I so enjoyed my PEN reading last night—and everyone else seemed to, as well. I don’t know the count, but the theatre was almost full, so my guess is about 150, perhaps more—which is excellent.


This time I followed some of the advice given in one of the workshops I had taken at the SMA Writers’ Conference this last weekend. The workshop was on giving readings, by Terrence Hill, author of the delightful “Two Guys Read…” series, and a fabulous presenter himself.

His wisdoms:

It’s not a reading, it’s a performance.
Wear something odd, or come in costume.
Know exactly what you’re going to read.
Select your reading based on the audience.
Select readings that form a story.
Offer to write your introduction.
Rehearse, rehearse, rehearse.

Time your presentation.
Arrange for someone to ask the first question, in order to break the ice at the beginning of the question and answer period.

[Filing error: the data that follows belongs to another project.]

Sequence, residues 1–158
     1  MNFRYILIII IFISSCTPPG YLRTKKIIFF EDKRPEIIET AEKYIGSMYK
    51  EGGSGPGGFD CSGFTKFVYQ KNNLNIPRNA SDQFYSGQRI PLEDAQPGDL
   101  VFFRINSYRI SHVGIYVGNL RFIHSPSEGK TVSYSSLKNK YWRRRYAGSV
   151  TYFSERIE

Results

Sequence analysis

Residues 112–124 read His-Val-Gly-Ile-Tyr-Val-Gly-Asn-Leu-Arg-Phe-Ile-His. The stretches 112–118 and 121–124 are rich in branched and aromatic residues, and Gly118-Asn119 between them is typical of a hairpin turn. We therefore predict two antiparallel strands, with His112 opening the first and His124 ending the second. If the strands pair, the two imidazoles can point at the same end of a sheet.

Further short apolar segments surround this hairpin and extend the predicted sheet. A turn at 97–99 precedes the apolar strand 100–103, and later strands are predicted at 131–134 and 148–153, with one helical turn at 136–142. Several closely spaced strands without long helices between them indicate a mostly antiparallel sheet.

Arrive early and see what’s missing. Check the room and the equipment.
Show your book to the audience, but don’t read from it. Read from an edited print-out.
Write out everything, even the asides.
End early.
Prepare a closing: “Thank you for listening.

I very much like Terrence’s approach. In many ways, I’ve been doing much of it already; he confirmed that I was on the right track. I much preferred reading from copy in 16-point type than from a marked-up book, which can be difficult to handle.


One thing I used for the first time was a spring-loaded notebook, a gift from the wonderful writer, Merilyn Simonds. Instead of a scramble of loose sheets or cards, this time I had this elegant portfolio that lay beautifully flat on the podium. It has become essential to me now. I highly recommend it.